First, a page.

a radioactive, metallic chemical element, one of the actinides, discovered in the debris of the first thermonuclear explosion in 1952, but now produced by bombarding plutonium with neutrons: symbol, Es; at. no. 99
Origin of einsteiniumModL, after Einstein (in honor of his theoretical studies of mass and energy) + -ium: so named (1955) by A. Ghiorso and co-workers, who identified it
A synthetic transuranic element first produced by neutron irradiation of uranium in a thermonuclear explosion and now usually produced in the laboratory by irradiating plutonium and other elements. The isotopes with the longest half-lives are Es-252 (472 days) and Es-254 (276 days). Atomic number 99; melting point 860°C (estimated); valence 2, 3. See Periodic Table.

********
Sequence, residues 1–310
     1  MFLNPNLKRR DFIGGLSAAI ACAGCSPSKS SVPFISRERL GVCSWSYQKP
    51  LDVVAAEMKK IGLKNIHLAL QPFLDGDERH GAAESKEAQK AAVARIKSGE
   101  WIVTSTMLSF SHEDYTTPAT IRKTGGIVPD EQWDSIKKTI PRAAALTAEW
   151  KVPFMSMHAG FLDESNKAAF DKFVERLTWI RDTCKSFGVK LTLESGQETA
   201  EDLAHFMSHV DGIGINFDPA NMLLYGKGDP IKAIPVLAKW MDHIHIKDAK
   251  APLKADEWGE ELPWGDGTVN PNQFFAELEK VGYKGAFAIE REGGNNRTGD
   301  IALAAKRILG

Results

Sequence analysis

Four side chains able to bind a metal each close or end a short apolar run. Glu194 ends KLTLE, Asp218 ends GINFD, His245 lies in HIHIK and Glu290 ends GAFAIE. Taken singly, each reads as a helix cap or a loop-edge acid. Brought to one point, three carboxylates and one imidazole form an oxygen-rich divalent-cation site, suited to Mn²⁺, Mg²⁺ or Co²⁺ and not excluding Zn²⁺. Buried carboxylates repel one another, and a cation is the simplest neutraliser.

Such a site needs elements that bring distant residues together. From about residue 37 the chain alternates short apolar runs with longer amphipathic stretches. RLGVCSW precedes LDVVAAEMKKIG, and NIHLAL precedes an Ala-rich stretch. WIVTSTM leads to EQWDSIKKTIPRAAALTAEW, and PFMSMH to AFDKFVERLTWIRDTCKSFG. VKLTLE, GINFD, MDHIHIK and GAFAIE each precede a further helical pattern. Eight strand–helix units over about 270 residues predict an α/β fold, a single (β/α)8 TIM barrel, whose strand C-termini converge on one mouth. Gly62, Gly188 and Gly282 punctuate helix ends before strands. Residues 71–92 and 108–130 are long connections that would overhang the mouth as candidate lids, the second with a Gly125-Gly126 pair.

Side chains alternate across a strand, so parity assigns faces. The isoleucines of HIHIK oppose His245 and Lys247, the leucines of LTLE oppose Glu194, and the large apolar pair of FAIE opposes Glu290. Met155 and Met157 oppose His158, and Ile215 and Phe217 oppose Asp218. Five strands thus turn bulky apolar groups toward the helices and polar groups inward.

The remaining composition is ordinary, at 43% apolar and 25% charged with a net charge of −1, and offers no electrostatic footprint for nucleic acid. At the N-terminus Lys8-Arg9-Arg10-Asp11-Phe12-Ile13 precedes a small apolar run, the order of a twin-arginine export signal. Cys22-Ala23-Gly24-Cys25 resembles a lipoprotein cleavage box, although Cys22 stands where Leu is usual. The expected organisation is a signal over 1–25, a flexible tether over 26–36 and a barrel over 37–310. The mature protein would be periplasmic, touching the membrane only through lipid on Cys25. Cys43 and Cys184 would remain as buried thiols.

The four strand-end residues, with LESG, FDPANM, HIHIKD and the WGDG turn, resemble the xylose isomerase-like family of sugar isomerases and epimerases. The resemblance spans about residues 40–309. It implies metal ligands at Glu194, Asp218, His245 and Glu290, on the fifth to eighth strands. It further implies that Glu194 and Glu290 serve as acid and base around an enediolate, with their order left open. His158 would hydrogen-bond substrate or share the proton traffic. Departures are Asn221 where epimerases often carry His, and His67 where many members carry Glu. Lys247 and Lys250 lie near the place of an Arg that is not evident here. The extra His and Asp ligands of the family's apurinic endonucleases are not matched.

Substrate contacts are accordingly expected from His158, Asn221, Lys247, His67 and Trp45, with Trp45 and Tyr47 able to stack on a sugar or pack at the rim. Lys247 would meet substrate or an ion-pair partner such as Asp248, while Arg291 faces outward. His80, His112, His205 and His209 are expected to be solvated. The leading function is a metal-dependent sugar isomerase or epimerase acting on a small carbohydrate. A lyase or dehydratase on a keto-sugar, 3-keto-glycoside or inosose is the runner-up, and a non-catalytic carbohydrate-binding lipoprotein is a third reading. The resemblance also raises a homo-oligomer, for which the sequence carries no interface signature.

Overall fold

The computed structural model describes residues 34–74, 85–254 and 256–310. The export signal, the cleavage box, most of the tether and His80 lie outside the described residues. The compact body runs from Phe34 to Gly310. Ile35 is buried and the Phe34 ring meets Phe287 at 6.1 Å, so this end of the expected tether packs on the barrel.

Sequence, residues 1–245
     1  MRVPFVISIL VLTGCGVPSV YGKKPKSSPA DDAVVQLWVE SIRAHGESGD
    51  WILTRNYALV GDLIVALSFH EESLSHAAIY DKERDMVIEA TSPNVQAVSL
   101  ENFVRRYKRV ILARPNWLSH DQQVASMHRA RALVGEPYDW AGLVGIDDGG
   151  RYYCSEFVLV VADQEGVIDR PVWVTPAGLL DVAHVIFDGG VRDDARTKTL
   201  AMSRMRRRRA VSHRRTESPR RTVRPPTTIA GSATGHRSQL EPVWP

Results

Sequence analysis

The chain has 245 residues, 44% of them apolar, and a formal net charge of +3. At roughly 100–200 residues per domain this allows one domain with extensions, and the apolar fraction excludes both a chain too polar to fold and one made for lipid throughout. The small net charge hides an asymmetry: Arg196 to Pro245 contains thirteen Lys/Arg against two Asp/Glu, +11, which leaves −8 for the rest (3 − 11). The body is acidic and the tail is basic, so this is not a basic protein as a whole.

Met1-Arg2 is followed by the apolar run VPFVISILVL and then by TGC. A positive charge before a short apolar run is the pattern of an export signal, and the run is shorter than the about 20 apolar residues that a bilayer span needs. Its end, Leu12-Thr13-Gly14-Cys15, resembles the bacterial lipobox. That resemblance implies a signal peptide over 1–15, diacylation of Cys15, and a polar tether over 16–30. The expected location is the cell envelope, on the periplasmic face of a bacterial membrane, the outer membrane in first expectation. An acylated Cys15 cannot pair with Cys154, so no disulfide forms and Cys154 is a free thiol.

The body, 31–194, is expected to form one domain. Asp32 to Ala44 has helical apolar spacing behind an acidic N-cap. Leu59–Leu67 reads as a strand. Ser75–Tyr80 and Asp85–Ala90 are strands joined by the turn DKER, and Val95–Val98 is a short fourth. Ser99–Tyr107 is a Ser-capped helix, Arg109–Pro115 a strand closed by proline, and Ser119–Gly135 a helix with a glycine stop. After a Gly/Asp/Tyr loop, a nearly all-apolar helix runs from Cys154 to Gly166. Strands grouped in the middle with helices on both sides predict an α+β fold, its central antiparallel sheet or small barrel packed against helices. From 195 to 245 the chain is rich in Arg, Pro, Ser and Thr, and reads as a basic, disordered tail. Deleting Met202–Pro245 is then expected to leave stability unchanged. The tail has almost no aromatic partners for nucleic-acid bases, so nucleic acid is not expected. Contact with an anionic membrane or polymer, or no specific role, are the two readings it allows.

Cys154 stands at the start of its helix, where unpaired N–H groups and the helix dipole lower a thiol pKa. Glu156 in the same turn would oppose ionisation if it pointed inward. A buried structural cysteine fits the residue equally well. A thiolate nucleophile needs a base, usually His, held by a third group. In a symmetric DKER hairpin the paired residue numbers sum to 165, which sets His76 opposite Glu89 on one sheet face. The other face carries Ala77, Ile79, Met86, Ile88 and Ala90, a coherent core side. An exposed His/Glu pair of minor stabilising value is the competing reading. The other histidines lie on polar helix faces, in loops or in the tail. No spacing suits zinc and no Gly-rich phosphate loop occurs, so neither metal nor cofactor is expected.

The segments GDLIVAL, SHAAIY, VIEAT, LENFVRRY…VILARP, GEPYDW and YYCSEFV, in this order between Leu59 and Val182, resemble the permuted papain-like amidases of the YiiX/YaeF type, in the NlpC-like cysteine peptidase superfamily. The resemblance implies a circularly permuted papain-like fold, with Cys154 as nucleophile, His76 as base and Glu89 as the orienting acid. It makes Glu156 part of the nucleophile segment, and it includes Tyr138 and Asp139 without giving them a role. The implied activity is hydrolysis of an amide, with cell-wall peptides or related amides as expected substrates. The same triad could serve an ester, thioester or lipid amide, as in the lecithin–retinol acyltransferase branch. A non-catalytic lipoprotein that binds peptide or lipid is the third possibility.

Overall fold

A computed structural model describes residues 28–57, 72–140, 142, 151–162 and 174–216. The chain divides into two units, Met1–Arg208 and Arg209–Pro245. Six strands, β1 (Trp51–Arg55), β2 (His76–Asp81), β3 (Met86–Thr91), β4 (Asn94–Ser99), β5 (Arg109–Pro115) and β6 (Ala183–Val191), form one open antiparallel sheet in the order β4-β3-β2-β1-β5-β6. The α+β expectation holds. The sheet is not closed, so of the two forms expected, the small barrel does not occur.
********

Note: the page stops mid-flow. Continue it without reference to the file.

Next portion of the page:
Origin of einsteiniumAfterAlbert Einstein
- A transuranic chemical element (symbol Es) with atomic number 99.
Einstein + -ium. Named for Albert Einstein.